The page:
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How far was the Boer War, 1899-1902, a turning point in the history of the British Empire

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Introduction

How far was the Boer War, 1899-1902, a turning point in the history of the British Empire? (20) The Boer War symbolizes the climax of imperial tensions and excitement of the late 19th century, and can be viewed as a turning point in the history of the Empire, precipitating widespread changes. The first of these is a change in the attitudes towards the ideology of empire; the second is a change in terms of future administration of the empire; and the third is a change in the role of Britain as a dominant world power. The combination of these changes caused the beginnings of a series of transformations concerning the British Empire. The first significant turning point was in terms of attitudes to empire. At the end of the 19th century Britain was experiencing enormous prosperity, characterised by imperial expansion and dominance. Owing to her industrialisation and resulting wealth, Britain became a strong and influential world power, monopolising trade in Africa, India and Asia. Through her 'Open Door' policy in China, Britain controlled 70% of world trade, reaping enormous profits. Moreover, she controlled extremely profitable gold and diamond mining regions in Africa, and capitalised on trade in India which was a source of cheap materials and labour, as well as a huge and profitable market for British goods. Therefore, Britain's imperial position was strong and dominant, causing the attitudes towards empire to be positive, as it was seen as a source of international prestige. ...read more.

Middle

By 1907 the term 'dominion' came to be used to describe all the self-governing areas of the Empire, and an Imperial Conference based on the principle 'one government, one vote', was set up to decide future constitutional disputes within the Empire. Thus, the Boer War caused Britain's control over her colonies to be curtailed, culminating in a situation where the 'dominions' could outvote Britain on issues pertinent to their own position. Thus, the Boer War brought independence and decolonisation a step closer. Furthermore, the Boer War was a turning point in the Empire as it severely decreased British dominance in the African region, owing to the fact that in 1906 the Liberal government restored self-government and free election to the defeated states. Moreover, this can be seen as not only a turning point in empire history but also a turning point in African history as it precipitated the victory of the Afrikaaner Het Volk Party which instigated racial segregation and sewed the seeds for disputes over inequality which followed in later decades. Moreover, by far the most far-reaching effect of the Boer War was the way in which it affected Britain as a world power, causing changes to her foreign and defence policies, as well as aggravating her relations with Germany. The war highlighted her weaknesses, causing her hold on colonies to be weakened and precipitating the emergence of a threat from other powers, notably Germany. ...read more.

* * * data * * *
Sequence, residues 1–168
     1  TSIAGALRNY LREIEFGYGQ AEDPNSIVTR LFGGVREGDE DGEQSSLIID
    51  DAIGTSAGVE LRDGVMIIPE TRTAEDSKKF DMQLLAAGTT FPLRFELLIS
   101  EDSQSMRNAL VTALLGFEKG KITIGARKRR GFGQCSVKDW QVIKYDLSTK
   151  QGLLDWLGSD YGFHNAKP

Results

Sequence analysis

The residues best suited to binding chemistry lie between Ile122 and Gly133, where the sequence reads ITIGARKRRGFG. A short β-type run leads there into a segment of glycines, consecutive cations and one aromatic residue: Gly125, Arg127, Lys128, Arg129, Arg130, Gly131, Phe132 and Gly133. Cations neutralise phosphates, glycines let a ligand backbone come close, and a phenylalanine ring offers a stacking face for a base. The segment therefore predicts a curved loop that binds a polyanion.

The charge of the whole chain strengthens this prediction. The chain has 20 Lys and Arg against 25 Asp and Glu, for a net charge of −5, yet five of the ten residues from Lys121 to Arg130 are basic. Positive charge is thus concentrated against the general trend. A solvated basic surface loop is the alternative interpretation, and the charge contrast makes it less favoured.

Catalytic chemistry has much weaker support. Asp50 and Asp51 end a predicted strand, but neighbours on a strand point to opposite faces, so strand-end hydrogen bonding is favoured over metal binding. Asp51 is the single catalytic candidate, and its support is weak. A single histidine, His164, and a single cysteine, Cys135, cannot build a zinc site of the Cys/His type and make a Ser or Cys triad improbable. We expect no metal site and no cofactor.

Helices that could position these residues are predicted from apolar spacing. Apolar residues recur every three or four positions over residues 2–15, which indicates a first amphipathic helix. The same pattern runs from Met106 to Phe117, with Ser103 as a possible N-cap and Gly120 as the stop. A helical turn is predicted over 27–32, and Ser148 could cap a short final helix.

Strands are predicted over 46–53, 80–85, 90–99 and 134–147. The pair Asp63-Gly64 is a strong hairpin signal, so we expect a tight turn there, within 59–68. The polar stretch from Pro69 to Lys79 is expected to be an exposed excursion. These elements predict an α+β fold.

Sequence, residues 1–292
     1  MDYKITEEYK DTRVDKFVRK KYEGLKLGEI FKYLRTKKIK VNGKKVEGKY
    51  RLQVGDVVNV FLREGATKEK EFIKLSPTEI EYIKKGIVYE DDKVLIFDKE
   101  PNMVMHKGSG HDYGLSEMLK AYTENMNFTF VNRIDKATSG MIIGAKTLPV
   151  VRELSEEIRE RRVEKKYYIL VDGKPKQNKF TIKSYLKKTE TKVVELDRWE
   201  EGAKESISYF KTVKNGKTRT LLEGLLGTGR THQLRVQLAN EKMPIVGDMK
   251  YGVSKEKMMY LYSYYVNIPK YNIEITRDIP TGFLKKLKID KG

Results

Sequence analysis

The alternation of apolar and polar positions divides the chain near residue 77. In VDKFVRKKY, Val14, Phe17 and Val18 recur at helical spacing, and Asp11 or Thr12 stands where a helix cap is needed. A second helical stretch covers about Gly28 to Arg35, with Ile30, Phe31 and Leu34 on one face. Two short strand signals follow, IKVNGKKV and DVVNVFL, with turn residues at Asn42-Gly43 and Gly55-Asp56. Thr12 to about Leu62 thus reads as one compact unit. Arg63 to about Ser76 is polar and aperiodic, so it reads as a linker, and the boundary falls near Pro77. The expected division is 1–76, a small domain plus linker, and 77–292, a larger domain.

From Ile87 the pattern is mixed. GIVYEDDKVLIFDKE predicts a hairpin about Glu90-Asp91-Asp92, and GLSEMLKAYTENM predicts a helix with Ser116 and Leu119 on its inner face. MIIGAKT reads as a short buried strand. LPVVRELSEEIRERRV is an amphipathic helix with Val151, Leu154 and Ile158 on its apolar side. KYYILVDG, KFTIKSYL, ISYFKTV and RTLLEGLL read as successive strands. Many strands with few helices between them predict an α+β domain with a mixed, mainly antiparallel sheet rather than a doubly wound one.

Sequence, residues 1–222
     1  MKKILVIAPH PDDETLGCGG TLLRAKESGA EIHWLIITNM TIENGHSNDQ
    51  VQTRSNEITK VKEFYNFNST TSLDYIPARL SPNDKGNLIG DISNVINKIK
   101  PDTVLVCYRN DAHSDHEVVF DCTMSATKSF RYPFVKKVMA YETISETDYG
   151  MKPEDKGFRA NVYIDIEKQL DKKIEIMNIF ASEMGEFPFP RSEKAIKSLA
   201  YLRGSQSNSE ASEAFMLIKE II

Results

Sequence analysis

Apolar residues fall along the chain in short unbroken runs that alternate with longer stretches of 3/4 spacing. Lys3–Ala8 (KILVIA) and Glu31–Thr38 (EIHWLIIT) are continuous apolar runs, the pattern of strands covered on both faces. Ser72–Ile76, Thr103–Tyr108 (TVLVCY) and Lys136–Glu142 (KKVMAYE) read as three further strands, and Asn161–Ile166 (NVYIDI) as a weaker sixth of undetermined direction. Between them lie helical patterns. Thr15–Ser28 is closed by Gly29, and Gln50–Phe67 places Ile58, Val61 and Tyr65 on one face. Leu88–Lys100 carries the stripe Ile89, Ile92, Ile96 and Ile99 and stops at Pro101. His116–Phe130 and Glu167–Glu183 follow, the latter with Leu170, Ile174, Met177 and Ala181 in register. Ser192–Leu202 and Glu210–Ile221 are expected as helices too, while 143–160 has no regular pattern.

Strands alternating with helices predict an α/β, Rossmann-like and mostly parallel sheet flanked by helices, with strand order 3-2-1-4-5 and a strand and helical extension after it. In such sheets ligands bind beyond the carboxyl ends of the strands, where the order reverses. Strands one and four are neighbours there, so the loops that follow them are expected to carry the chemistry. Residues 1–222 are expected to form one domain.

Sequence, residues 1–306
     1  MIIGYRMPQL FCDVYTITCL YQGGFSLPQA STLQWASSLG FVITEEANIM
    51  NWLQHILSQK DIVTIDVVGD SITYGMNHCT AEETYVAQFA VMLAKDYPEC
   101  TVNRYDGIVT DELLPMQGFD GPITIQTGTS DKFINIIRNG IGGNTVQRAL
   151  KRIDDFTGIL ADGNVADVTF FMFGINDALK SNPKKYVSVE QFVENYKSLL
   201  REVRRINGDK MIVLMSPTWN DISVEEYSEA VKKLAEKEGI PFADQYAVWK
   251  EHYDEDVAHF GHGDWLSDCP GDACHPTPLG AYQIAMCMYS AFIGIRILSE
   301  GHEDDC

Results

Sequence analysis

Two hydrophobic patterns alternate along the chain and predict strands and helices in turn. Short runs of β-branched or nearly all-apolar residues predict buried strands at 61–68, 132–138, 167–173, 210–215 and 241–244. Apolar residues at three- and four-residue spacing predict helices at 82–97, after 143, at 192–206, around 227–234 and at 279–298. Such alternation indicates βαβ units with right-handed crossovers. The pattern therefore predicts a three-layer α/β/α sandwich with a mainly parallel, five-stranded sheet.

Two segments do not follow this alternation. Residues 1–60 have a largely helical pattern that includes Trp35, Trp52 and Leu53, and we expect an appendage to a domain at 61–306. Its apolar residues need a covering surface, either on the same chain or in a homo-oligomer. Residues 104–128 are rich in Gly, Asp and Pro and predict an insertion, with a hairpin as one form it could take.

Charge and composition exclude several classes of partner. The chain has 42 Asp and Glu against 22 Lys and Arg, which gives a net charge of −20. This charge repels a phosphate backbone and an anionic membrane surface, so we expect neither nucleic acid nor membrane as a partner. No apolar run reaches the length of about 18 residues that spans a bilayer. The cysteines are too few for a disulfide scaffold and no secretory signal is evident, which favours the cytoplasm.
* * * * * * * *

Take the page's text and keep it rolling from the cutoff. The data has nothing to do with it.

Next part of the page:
Conclusion

The war can be viewed as a catalyst for a series of progressive changes which eventually culminated in the breakdown of the Empire and decolonisation. However, the war was only an ingredient in this, and by no means the sole or primary cause. Moreover, in some respects, the Boer War strengthened and expanded the Empire through increasing its importance in matters of trade and investment, highlighted by an increase of exports and doubling of investments to the Empire. Nevertheless, economic benefits are not fully indicative of the effects of the war. While trade and investment may have increased, there was widespread disillusionment in both political and social circles, and passionate imperialism was replaced by a loss of confidence and interest in the Empire. The war made the empire a source of criticism, rather than pride and prestige. Moreover, the Boer War precipitated a turn-around in attitudes concerning foreign policy and diplomatic relations, resulting in an increased number of military alliances and a re-organisation of the army and navy. In addition, the war set off a series of changes concerning the status of self-governing colonies, eventually resulting in the weakening of British control over her colonies, which can be seen as a precursor for decolonisation. Thus, while it is clear that the Boer War could not have by itself precipitated decolonisation, it triggered a series of events which changed attitudes towards, and administration of, empire. In this respect, it can be seen as a significant turning point in the history of the British Empire. ?? ?? ?? ?? ...read more.

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This is a very strong response that places the Boer War in its political, economic and military context. There is a great deal of accurate evidence used in supporting points. Perhaps the counterarguments could have been considered more strongly.

5 Stars.

Marked by teacher Natalya Luck 24/10/2014

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